Our now toddler has had skin issues since he was born and he has developed further complications as he has grown older. Even though we were told that he would outgrow his dry, itchy skin condition, it was heartbreaking to watch as his fine motor skills prematurely developed out of necessity to scratch his cracked, rashed head. (Thursday’s post will have the skin regimen and products that made, and continues to make, our lives so much easier in way of relieving his skin irritations.) As I shared in The Start of a Movement: Baby A’s Birth Story Part I and Part II, our son was born via “emergency C-Section” which is probably partially responsible for his current condition. He has recently been diagnosed with three specific allergies to dogs, cats, and peanuts as well as asthma and eczema.
It wasn’t long after our son’s first birthday that we allowed him to try peanut butter for the first time and we noted increasing health difficulties. Almost immediately following his first bite, his eyes and lips turned bright red and became swollen. A quick dose of Children’s Benadryl alleviated the symptoms but we learned to be careful with peanuts.
Then, the coughing started. His chronic cough ended up being our turning point. It was interfering with play time, napping and nighttime sleeping. His nose became a faucet streaming with clear goo and his skin became unbearably itchy. We finally decided to book an appointment with a Pediatric Allergist located over four hours away from our home because he was not sleeping through the nights; it was becoming increasingly difficult for our son to breathe; and we became downright tired of witnessing his misery and feeling helpless about fully relieving his symptoms.
We are currently living the reality of raising a “C-Section Baby.” Although you may not initially consider the relation, I fully believe that the way our son was born is partially the reason we were recently sent home with inhalers and epipens for our 23-month-old. I’ve learned that conditions such as allergies, asthma and eczema can be closely related to one another. Furthermore, many updated studies and research articles are finding correlations between the way a newborn enters our world and allergies they may develop. One of my favorite NPR reports and current pieces on this topic is “Modern Medicine May Not Be Doing Your Microbiome Any Favors.” This report was put out just a few months ago during an April 2014 airing and you can click the above title to listen to the story in it’s entirety; or read through the article. I found the following paragraph to be incredibly important because it addresses the process of acquiring the necessary ingredients through vaginal birth for a strong, healthy immune system:
“…our immune system is quite complex. There are many kinds of immune cells. There are cells that strongly recognize foreign substances, there are ones that try to damp [the immune system] and down-regulate it. There’s what we call innate immunity, which is the immunity we’re all born with, and then there’s adaptive immunity — the immunity that develops when we experience different kinds of exposures.”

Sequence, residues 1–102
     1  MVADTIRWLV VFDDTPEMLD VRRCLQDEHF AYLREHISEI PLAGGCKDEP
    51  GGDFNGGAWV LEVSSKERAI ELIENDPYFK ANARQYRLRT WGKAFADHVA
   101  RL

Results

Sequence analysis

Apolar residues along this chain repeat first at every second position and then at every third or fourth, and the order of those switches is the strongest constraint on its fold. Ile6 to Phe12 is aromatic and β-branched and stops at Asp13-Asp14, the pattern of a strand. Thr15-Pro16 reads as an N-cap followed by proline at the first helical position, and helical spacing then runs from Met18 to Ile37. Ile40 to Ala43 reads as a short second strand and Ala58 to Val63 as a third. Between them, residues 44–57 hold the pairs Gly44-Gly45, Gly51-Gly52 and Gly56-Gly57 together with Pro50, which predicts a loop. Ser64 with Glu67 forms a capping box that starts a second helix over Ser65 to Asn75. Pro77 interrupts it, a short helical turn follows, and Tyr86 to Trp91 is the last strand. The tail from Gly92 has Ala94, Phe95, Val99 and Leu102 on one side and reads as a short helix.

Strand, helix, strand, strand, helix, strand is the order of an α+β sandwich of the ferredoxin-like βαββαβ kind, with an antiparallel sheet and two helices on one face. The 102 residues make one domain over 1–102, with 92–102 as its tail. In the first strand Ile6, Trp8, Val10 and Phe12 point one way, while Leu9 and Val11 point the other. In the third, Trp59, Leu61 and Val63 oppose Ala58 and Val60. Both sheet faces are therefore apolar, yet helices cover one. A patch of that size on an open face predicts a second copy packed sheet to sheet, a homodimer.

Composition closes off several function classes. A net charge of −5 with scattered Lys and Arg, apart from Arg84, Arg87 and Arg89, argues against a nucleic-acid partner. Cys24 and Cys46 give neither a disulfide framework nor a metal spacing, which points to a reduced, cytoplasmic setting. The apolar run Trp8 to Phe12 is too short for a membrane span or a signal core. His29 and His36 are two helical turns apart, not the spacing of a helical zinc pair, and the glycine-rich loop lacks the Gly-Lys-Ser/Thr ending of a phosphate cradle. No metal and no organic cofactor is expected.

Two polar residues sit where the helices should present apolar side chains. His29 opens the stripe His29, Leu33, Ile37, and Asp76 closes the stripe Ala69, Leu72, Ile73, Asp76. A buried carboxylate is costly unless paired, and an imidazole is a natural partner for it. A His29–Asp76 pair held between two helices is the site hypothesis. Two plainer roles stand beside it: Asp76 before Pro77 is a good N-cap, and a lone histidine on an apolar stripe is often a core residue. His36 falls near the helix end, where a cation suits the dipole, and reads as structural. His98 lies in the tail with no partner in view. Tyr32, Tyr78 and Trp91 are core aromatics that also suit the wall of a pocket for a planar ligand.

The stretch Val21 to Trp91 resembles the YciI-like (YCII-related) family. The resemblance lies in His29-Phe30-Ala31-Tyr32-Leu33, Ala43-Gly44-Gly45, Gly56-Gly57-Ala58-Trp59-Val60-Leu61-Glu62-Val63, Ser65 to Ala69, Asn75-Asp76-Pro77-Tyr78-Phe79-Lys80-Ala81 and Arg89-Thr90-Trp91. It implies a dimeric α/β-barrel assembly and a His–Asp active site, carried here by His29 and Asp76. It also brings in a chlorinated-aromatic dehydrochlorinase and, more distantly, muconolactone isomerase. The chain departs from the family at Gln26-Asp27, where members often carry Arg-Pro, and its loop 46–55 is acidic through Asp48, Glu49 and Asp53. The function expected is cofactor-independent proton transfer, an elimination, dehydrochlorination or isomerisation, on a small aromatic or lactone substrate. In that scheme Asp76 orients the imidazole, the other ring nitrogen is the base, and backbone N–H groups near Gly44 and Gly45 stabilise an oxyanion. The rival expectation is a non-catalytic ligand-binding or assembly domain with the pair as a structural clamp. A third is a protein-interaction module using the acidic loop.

Dr. Martin Blaser, the expert being interviewed, explains the importance of being born vaginally, complete with the process of babies ingesting their own mother’s bacteria during the birth process. This is the first, most integral, and important introduction to a newborn’s immune system and one of the many reasons I helped co-found VBAC Casper in order to reverse the mandatory repeat C-Section policy at the Wyoming Medical Center. Additionally, I plan to do everything in my power to deliver all subsequent babies through my birth canal. In the NPR interview, Dr. Blaser goes on to explain:
“It’s developing early in life. That’s what sets, in essence, [the] immunological tone that will determine how allergic a person is, or how stoical a person is in an immunologic sense.”
My mommy guilt over his birth experience has settled back in and I’m still in amazement that our son, whom I intended to create perfectly healthy, could possibly need so much in way of medication just to breathe or sleep at night. I’m sad for him and us that an inhaler may be essential for his well being over his lifetime and equally frustrated that an everyday food could potentially kill him.
In my followup post, Dogs, Cats, & Peanuts, OH MY! A Toddler’s Allergies Part II, I’ll share more about the anticipation of our visit to the doctor; the actual procedure performed to determine our son’s allergies; and the conclusion to our visit. We have had to make a few tough family choices and adapt our lifestyle for the health of our son. Even though there have been tribulations, we are happy to make adjustments to create a better existence for our happy little boy and we are a little nervous about how much more energy he will have once he is fully utilizing his lung capacity! We already have a hard time keeping up with him and I feel the need for a nap just thinking about it!